Learning the Propers
  • gregpgregp
    Posts: 632
    First, a great big thank you to the CMAA for its work. Because of the information, workshops, and download-able materials it has made available, we started a garage schola in the middle of an area with no demand for it. Now, at the end of June, our Diocese will be starting to offer the EF in this area, and we will be singing for it!!

    Which brings me to my question: other than slogging through them every week, are there any hints anyone can give me to helping a schola of eager people who have not sung a lot of chant learn the Propers quickly? (It looks like we'll be singing every other week at first, but that may change also).
  • RagueneauRagueneau
    Posts: 2,592
    Hi, Gregp

    I used to learn from Cassette tapes. I especially liked the Solesmes recordings (I used to own the entire Kyriale).

    You might look into purchasing the Schola Bellarmina CD's.

    Also, this might help (but you have to use Internet Explorer to hear them or see them):

    Practice Mp3 files for Gregorian Chant
  • Jeffrey TuckerJeffrey Tucker
    Posts: 3,624
    The best thing you can do is teach solfeg and rhythm. Seems like a takes a lot of time out of singing propers at first, but the investment pays off. Always take the time to teach the fundamentals even if it means delaying singing propers!!! I'm a convert here on this question. Arlene did this with our schola after years of week-to-week work and it made all the difference.
  • RagueneauRagueneau
    Posts: 2,592
    And don't forget to mark the half steps!

    (Lucky there are only two of them!)

    I am blessed to direct a Schola that loves singing: Simple Agnus Dei recorded May 2008
  • Jeffrey TuckerJeffrey Tucker
    Posts: 3,624
    Jeffrey, I hope you continue to post these. These are just great.
  • janetgorbitzjanetgorbitz
    Posts: 966
    Hi GregP,

    I second Jeffrey's suggestion about solfege and rhythm. I have been using excerpts from a book that is available for free download from CMAA. After vocal warmups, we do a bit of working on our solfege and neume reading from exercises out of the book each week. I am moving away and leaving our schola to their own devices soon, so I really needed to get them all to be able to read the chant notation themselves. It has helped immensely. Although it still really helps them to listen to the recordings, they are more able to learn the new music quickly with the little bit of theory skill. Here is the link: http://www.musicasacra.com/pdf/sunol.pdf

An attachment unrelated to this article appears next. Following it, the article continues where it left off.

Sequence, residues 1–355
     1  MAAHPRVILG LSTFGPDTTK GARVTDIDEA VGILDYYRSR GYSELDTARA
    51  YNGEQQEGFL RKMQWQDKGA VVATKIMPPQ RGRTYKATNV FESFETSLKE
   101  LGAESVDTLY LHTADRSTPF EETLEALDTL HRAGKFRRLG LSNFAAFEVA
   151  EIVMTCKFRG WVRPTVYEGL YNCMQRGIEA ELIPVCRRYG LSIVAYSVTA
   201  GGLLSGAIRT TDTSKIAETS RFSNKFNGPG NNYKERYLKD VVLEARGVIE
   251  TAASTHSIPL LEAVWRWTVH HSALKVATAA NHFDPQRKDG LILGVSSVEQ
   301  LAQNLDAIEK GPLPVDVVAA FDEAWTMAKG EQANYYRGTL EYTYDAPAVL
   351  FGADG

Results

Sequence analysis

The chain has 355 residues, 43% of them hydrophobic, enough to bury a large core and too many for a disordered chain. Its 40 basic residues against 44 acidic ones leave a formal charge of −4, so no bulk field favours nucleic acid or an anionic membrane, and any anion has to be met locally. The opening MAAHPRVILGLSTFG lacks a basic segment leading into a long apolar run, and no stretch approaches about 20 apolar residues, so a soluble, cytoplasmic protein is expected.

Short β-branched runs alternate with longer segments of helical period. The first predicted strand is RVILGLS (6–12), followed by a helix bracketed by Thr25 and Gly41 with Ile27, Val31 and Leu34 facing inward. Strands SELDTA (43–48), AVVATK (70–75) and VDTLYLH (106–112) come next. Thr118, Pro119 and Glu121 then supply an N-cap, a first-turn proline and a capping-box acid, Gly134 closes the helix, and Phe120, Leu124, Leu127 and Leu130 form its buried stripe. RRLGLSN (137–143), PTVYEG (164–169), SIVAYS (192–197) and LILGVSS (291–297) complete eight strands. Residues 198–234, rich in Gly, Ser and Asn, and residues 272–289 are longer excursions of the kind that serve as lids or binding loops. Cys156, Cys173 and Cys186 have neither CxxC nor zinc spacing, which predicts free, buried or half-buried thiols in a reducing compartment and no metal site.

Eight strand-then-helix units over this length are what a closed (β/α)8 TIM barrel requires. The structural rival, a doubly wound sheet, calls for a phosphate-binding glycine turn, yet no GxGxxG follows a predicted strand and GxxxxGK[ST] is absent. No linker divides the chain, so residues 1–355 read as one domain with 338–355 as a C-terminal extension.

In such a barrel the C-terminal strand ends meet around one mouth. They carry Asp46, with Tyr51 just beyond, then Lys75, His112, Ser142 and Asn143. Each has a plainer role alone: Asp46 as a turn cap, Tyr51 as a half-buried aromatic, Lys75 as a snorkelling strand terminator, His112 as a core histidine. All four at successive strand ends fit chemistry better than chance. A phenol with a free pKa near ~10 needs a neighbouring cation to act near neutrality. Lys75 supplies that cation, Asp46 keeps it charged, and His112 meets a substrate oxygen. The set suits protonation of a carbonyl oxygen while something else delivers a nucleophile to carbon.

None of them were terribly excited about this at the start of it (it is actually a bit of work involved, you know), but now are quite happy at the skills they've developed.
  • Steve CollinsSteve Collins
    Posts: 1,021
    Take heart - it gets easier exponentially with each Proper you learn! My detailed suggestions would be:
    1) Do use organ accompaniment, at least in the beginning. But not if it's simply chords held under the melody. Having modal movement in the inner harmonies strengthens the feel/concept of the modal melody.
    2) Start with the Introits. They look long, but 2/3 of it is the matching Psalm tone. the Antiphon itself is usually quite short. And you will begin to hear the relationship between the melismatic chant and the more familiar tones.
    3) Do the same with the Communion Antiphons since they tend to be even shorter, and very melodic. Again, use the Psalm tone Communio verses just like the Introit.
    4) Get used to the entire variety of Psalm tones as in the Rossini Proper Book. You can always fall back on these when you run up against a longer, more difficult Offertory or Gradual.
    5) Go ahead and start with the Rossini Gradual and Alleluia, but use the melismatic "Alleluia" as the book instructs. Most of these Alleluia melodies could be sung by the congregation once they're used to them.
    There are so many musical possibilities with the official texts of the Mass. And they are all so much better than "G & P" songs with piano!
  • gregpgregp
    Posts: 632
    Thanks, all. Very good suggestions. I'll be incorporating all of them. Hope to see everyone in Chicago!!!
  • mjballoumjballou
    Posts: 993
    Oh, how thrilling! And I second everyone's suggestions. Don't try to get all the Graduale Propers all the time at first. What you don't want to do is crash and burn - it's bad for the congregation and schola both.

    I'm about to start pushing my schola into solfege because I have a mix of readers and non-readers. Since we don't have the EF around here, I'm not under performance pressure. I figure if we add small doses of solfege weekly, it will have a tonic effect on the singing.
  • mjcurtis
    Posts: 62
    Wait until the beginning of 2009 and check out www.chanttracks.com. I am recording the complete Mass Proper with many Ordinaries which will be downloadable. There will be 600-700 chants total with over 100 hours. I am in the recording process right now and still need to edit and design the website before it is available. Hope this helps. Let me know if you have any questions.
    Matthew Curtis